Chemical on-off switches for genes may help explain why large mammals live longer

When it comes to how long a mammal can live, a bigger body is usually better: The typical mouse life span is less than 4 years, whereas a bowhead whale may make it to 211. But within a species, this relationship can flip: Large dog breeds tend to have shorter life spans than smaller canines.

Now, a massive analysis of chemical marks spread along the genomes of about 200 mammalian species has hinted at a novel explanation for this canine curiosity—and yielded a bounty of data for understanding mammalian differences in life span, average weight, and other traits.

The analysis looked at a DNA modification called methylation, which can control whether genes are turned on or off. The patterns of methylation the team found add a new layer of information to better understood differences in the DNA sequences of genes themselves, the authors say. “It’s kind of a gold mine for people who either want to study what is unique about a certain species or conversely what is shared,” says aging researcher Steve Horvath of the University of California, Los Angeles, who leads a team that described the methylation results this week online at the annual meeting of the American Society of Human Genetics (ASHG).

Others welcome the new findings. “Why different species age at different rates is both a fascinating and important question,” says aging researcher Vardhman Rakyan of Queen Mary University of London. This resource “could be the starting point for other important studies in the field of mammalian aging.”

Methylation is one of several so-called epigenetic marks, referring to changes in DNA or its protein packaging that influence how genes are expressed without altering the heritable sequence of bases that make up DNA. In DNA methylation, a molecule called a methyl group attaches to a base, usually cytosine. Horvath is known for showing that patterns of these methyl groups change as a person ages, and for creating an “epigenetic clock” that uses a DNA sample to estimate a person’s age within 3.6 years.

In a new project, Horvath teamed up with more than 100 other labs to look at these epigenetic marks across mammalian species. The Mammalian Methylation Consortium gathered thousands of blood and other tissue samples from more than 200 mammals, from shrews to elephants, and scanned their DNA using a chip that looks for the presence of a methyl group at about 36,000 cytosines along stretches of DNA shared across mammals. They used the data to devise an epigenetic clock that can be used to estimate the age of any living mammal from a DNA sample. This clock turned up some new genes that may govern aging, first author Ake Lu reports in a poster at the ASHG meeting this week and a January preprint.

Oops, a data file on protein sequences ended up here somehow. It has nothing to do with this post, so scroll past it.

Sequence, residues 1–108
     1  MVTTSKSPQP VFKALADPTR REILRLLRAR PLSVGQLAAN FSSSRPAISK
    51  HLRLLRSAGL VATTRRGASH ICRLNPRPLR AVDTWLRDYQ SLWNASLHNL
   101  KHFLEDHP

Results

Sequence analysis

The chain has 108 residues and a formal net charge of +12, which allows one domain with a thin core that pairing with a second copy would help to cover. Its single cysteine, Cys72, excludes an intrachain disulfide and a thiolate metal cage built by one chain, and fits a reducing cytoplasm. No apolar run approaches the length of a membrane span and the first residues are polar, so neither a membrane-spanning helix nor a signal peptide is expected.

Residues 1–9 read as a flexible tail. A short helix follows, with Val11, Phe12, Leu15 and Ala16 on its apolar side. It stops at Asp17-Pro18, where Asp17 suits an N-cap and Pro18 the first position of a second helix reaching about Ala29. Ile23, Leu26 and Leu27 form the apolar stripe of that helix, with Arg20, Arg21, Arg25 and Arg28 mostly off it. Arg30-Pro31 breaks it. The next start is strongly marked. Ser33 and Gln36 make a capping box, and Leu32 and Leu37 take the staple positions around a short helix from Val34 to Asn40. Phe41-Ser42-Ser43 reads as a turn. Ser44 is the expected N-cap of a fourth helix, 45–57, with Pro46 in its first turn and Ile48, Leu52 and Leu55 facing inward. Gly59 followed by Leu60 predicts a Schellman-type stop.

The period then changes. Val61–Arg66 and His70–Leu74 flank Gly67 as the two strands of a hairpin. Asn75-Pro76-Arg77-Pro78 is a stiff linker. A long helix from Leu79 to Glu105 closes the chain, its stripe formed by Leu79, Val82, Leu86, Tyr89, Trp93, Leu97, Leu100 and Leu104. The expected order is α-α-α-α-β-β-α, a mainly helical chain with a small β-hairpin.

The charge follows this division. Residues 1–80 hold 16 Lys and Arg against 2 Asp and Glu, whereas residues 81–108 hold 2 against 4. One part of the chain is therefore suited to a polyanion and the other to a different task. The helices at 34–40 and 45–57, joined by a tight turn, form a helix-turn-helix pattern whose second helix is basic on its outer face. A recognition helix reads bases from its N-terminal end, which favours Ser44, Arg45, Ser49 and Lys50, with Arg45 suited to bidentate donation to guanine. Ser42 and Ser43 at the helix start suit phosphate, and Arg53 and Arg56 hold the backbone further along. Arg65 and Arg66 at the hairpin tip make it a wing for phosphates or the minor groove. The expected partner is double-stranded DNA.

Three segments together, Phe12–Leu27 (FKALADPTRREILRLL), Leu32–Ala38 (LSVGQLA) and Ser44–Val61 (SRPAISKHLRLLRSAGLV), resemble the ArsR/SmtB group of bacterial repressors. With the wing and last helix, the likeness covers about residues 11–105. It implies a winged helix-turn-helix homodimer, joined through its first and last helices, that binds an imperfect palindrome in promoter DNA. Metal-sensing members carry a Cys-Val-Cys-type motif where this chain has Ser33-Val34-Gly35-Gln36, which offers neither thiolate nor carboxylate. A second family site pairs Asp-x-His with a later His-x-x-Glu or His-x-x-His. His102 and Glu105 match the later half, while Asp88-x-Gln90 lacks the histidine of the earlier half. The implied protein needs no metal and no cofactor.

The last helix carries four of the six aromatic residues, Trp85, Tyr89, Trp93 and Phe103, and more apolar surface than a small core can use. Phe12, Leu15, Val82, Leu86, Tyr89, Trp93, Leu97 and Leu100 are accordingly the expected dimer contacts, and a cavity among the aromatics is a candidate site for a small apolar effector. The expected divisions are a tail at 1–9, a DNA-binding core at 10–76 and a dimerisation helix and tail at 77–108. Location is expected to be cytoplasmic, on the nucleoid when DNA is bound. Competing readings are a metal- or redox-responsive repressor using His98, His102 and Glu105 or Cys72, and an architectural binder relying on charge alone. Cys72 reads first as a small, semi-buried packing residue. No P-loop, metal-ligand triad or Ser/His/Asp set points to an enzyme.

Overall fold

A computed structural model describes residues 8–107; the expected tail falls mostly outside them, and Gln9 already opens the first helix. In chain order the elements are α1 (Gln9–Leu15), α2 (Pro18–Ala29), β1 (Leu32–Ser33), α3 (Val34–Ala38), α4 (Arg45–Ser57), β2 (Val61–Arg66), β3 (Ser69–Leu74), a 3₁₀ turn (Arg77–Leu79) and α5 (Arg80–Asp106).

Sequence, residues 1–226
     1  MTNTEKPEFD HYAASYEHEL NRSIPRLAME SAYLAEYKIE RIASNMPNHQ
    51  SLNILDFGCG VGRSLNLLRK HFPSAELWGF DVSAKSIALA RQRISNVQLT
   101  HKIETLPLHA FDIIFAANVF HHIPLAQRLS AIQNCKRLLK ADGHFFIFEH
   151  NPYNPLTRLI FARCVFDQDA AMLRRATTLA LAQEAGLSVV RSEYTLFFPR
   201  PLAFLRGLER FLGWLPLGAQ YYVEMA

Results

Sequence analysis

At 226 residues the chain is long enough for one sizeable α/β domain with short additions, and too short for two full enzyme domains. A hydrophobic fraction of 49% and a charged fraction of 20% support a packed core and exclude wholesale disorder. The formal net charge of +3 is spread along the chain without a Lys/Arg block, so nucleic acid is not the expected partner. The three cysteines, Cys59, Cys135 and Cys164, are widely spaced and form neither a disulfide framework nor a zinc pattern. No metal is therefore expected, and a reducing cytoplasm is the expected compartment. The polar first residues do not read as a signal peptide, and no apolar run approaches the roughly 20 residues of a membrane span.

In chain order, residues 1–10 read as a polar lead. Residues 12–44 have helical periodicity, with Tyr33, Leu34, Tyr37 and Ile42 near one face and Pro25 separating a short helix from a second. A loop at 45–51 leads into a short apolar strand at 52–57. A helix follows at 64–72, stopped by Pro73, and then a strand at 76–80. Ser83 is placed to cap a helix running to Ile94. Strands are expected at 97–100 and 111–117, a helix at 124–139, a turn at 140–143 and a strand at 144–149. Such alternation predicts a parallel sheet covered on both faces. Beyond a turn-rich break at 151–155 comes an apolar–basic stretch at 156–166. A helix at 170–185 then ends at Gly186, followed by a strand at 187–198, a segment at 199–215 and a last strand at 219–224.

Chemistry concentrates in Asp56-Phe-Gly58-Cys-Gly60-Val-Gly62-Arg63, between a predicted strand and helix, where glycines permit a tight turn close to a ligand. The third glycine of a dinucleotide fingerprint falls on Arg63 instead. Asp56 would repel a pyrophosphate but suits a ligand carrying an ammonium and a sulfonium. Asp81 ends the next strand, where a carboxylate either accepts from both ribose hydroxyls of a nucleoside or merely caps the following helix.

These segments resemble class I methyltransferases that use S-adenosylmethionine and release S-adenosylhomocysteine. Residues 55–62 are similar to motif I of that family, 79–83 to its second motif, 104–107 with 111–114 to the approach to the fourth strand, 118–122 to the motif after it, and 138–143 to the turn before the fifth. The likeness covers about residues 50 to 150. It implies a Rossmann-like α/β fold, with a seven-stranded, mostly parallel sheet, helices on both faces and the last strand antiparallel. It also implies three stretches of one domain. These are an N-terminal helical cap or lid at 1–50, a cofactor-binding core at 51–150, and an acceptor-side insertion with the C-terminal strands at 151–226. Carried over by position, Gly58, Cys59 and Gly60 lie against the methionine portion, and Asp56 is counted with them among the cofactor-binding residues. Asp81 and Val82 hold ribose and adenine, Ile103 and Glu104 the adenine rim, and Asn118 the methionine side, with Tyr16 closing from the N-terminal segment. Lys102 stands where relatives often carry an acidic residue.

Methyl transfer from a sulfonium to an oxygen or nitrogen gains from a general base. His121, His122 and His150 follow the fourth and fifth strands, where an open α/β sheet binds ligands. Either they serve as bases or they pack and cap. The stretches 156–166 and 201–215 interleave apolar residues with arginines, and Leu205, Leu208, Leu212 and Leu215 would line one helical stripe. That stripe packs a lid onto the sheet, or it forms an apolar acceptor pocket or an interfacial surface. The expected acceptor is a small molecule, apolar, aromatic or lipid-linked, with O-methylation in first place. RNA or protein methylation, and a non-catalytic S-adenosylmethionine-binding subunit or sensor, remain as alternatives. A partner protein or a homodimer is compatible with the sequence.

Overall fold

The consortium also wondered whether other individual or species-specific traits could be tied to DNA methylation. To explore this, computational biologist Amin Haghani, a postdoc in Horvath’s lab, first simply looked for methylation patterns. He found 55 clusters of methylated cytosines—between 33 and 1864 sites per cluster—many of which turned out to correlate with species-specific traits such as maximum life span, average adult weight, and age at sexual maturity. And others matched up with individual traits, such as age, sex, and tissue type.

The team also showed, in work reported in a poster and a March preprint, that evolutionary trees constructed using cytosine methylation largely mirror phylogenies based on their gene sequences. “This is really interesting because it shows our DNA methylation is tracking evolution,” Haghani says.

The genes switched on or off by the methylated bases near them may help control that trait—for example, the life span methylation cluster may govern stem cell genes important early in development, the team proposes. “Chances are, these cytosine sites are part of pathways or cell types that are important,” Horvath says.

Haghani’s analysis also revealed a cluster correlated with longer life span and larger size in most mammals was linked to longer life but smaller size in dog breeds—in line with that known paradoxical relationship. This life span–related cluster includes genes in a molecular pathway for fat disposition. The finding may mesh with a recent report that the blood of large breeds contains relatively high levels of a fat molecule that can damage neurons, the team found.

“Maybe that’s part of the aging process in dogs. They are losing the ability to protect neurons and deteriorating,” says dog genetics researcher and study co-author Elaine Ostrander of the National Human Genome Research Institute. The methylation study suggests experiments that “we wouldn’t have known to do,” she says, such as looking at whether altered fat deposition somehow protects against other harmful effects of the physiology of big dogs.

Not all epigenetics researchers are surprised by the consortium’s findings. It’s logical that methylation patterns track with evolution because the process itself is controlled by genes with evolving sequences, says plant epigenomics researcher Frank Johannes of the Technical University of Munich. Horvath’s trees are “a molecular readout … of genetic diversity,” says Johannes, who notes that similar “phyloepigenetic” trees were constructed for plants 10 years ago. Still, he says, the new study offers “a large resource for comparative epigenomics.”

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